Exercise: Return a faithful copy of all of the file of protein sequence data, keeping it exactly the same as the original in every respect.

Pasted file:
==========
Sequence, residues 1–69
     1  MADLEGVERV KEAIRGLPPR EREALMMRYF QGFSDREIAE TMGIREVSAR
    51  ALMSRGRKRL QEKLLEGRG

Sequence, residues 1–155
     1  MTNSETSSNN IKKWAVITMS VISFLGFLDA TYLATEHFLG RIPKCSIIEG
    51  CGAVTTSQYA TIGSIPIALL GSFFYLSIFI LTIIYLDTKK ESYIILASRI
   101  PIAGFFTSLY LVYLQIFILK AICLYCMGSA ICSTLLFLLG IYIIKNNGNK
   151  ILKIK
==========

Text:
Sequence, residues 1–69
     1  MADLEGVERV KEAIRGLPPR EREALMMRYF QGFSDREIAE TMGIREVSAR
    51  ALMSRGRKRL QEKLLEGRG

Sequence, residues 1–155
     1  MTNSETSSNN IKKWAVITMS VISFLGFLDA TYLATEHFLG RIPKCSIIEG
    51  CGAVTTSQYA TIGSIPIALL GSFFYLSIFI LTIIYLDTKK ESYIILASRI
   101  PIAGFFTSLY LVYLQIFILK AICLYCMGSA ICSTLLFLLG IYIIKNNGNK
   151  ILKIK